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Initiative gets new name
The UFT’s United Community Schools initiative has a new name, new branding and an expanded mission. The former NYC Community Learning Schools Initiative started in 2012 with six city public schools. It’s now serving 20,000 students in 31 schools — which would make it the third largest school district in the state. The percentage of students in United Community Schools that have disabilities, live in transitional housing, are English language learners or otherwise need extra support far exceeds the citywide average. The program provides that extra support by identifying “strengths and assets that already exist in a school community and asking how we can leverage them,” said Wanda Speede, the community school director at PS/IS 184 in Brooklyn.
Starting this year, the United Community Schools initiative will begin offering to create high-quality professional development and technical assistance for schools outside its network. UCS schools are “engines of innovation that enable us to identify community schools’ best practices,” said Executive Director Doug Friedlander. Now, when schools outside the network want to implement a community school model, they’ll have access to those best practices.
“We’ll keep increasing graduation rates and test scores and building whole, strong children,” said Karen Alford, the UFT vice president for elementary schools who also serves on the board of the United Community Schools initiative.
At the showcase, Alford beamed with pride at the program’s accomplishments and expressed optimism for its future. “We’re pushing ourselves to be bigger, better and brighter,” she said.
“Let’s build communities, not walls,” a kindergartner cried out to a packed auditorium at PS/IS 184 in Brownsville, Brooklyn, on March 21. The closing words of the young oratory contest winner were met with thunderous applause from the nearly 200 people in attendance at the annual showcase designed to promote the accomplishments of the newly renamed UFT United Community Schools initiative.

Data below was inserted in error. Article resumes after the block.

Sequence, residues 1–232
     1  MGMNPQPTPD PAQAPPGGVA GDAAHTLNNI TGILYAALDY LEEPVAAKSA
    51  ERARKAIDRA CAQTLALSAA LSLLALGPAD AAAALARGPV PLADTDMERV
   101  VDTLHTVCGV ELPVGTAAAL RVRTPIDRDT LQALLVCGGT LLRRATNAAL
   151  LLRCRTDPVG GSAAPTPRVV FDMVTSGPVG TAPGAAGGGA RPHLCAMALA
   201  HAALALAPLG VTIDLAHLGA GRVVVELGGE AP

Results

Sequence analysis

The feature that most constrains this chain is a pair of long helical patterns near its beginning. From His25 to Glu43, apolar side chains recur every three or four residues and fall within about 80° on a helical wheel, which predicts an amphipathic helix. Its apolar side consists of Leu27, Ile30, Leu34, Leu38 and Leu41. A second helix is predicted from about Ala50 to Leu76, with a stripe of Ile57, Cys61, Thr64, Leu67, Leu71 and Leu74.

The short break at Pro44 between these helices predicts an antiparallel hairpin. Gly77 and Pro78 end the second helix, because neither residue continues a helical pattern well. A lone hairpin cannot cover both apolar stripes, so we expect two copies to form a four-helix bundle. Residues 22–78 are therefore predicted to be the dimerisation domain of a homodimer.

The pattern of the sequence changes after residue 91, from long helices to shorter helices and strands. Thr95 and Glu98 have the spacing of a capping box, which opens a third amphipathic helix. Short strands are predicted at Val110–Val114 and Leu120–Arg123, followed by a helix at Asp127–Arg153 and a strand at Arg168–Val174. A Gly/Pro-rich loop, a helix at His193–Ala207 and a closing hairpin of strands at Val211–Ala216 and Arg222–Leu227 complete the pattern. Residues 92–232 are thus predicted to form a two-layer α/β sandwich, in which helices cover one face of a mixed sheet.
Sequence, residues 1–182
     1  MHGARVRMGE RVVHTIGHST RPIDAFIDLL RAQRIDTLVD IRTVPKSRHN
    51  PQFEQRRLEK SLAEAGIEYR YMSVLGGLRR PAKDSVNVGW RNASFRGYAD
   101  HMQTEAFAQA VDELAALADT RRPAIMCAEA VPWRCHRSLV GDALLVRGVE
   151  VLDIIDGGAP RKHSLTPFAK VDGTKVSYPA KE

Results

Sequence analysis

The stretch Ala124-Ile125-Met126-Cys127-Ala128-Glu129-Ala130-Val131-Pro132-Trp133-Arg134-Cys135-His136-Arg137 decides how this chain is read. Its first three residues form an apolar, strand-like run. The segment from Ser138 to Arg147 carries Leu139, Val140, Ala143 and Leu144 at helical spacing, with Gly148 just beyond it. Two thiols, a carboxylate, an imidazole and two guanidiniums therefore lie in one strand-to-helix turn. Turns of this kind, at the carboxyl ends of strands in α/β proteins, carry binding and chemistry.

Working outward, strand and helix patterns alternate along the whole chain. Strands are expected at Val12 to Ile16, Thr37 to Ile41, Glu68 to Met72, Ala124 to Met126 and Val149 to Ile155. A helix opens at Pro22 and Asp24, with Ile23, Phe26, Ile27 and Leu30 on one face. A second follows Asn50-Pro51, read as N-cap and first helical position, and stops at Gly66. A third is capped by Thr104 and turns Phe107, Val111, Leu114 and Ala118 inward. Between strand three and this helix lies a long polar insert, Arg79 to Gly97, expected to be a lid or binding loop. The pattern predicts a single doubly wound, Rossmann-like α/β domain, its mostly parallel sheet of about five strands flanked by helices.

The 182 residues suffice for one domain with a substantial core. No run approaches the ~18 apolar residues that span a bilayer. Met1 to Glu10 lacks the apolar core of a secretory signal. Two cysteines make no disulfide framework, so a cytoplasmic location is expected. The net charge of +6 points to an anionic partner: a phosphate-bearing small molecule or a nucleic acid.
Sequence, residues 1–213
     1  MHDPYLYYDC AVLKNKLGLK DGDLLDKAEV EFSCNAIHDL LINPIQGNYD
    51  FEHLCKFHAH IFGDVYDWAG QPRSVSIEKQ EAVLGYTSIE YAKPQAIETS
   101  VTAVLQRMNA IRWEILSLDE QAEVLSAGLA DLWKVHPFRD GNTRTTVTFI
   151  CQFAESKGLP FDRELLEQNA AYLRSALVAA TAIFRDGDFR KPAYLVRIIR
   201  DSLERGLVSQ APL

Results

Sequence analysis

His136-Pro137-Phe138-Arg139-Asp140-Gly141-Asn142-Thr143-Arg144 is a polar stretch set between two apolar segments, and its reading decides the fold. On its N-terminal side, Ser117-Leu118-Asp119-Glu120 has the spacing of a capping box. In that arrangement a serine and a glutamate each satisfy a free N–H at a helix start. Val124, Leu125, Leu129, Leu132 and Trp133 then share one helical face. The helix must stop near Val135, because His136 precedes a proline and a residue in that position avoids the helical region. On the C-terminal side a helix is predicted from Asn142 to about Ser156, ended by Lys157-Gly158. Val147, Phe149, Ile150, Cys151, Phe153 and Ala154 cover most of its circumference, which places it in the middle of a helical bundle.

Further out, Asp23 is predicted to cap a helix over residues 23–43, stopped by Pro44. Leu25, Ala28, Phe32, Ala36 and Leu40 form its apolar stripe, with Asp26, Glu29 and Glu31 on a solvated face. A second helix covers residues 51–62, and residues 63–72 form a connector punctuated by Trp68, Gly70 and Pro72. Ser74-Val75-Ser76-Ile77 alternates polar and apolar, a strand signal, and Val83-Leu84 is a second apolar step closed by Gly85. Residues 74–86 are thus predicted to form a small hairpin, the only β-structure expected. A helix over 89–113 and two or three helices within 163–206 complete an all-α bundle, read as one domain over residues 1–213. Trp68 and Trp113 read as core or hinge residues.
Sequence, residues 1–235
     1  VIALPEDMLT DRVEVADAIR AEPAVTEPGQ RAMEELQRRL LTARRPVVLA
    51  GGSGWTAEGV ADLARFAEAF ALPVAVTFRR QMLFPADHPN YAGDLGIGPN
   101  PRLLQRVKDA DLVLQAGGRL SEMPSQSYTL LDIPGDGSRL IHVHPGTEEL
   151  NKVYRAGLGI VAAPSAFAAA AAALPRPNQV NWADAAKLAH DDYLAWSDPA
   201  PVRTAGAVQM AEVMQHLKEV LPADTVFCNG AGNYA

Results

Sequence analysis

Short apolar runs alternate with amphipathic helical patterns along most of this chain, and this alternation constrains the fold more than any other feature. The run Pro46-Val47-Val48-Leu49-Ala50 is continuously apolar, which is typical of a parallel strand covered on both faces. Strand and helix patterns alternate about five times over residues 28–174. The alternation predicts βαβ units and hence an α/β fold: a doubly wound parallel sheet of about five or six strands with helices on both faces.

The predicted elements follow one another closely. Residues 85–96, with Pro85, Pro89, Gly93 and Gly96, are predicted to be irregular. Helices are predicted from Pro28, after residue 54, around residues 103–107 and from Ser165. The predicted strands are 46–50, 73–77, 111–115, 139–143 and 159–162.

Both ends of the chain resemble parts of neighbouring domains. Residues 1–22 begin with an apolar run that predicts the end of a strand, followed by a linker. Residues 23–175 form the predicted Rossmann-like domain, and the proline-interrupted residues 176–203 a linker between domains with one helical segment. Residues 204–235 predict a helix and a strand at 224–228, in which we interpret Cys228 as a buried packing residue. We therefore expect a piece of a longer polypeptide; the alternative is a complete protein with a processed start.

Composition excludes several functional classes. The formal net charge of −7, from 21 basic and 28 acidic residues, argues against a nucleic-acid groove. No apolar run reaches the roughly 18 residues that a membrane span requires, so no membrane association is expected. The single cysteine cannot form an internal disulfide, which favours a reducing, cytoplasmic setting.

“We’re bringing academically grounded, evidence-based approaches,” said UFT Vice President Karen Alford, who has shepherded the initiative since its inception. “We’re building whole children and strengthening whole communities.”
United Community Schools Executive Director Doug Friedlander said PS/IS 184 is an exemplar of both the challenges the 31 schools in the initiative face and what the program can achieve. PS/IS 184, he said, has “overcome tremendous obstacles,” including the task of supporting a substantial population of students in temporary housing.
“Parents are talking with their feet,” said Friedlander, by enrolling their children in ever-greater numbers. “The richness of school culture, offerings and outcomes are illustrated by the fact that parents want their kids to come here,” he said.
Four grade-level winners of the school’s annual Martin Luther King Jr. Day oratory contest, who wrote and delivered speeches inspired by the civil rights leader, were featured at the event, as was a rousing performance by the school’s drum line.
The presentations represented just a few examples of the impressive programs at PS/IS 184 that include music and dance classes, vision and dental services and more.
Principal Lisa Linder pointed out that as many as 90 percent of the programs didn’t exist before the school joined the initiative.
“Seventeen years ago, when I started at PS/IS 184, we weren’t equipped to meet the students’ needs,” said Denise Huggins, the school librarian and the UFT chapter leader. Now, the school’s suspension rate is lower and 55 percent of the students living in transitional housing have perfect attendance, according to school data.
These encouraging numbers are due in part to “phenomenal” teacher support, Huggins said, with coordinated, schoolwide literacy and crisis intervention programs.
One 7th-grader said attending PS/IS 184 is a great experience because he gets to “learn new things and make new friends.” A 6th-grader was proud to call the school “a no-bully zone.”
United Community Schools social worker Tamika Abdullah spearheaded the anti-bullying initiative. It included an anti-bullying pledge that students and teachers signed, and poster boards designed by each class. It was one of several projects the school’s support staff took on once Abdullah was on board.
“We work together as clinicians,” she said, so “kids get the help they need before things escalate to a crisis.”
PS/IS 184 Community School Director Wanda Speede says she treats every student as if they will be an agent of change and accomplishment.
“Not knowing what greatness will come from them,” she said, “if we give all students what they deserve, then we help them find what drives them.’’
What is your favorite movie about a teacher?
Dead Poets Society
Stand and Deliver
Mr. Holland's Opus
Total votes: 585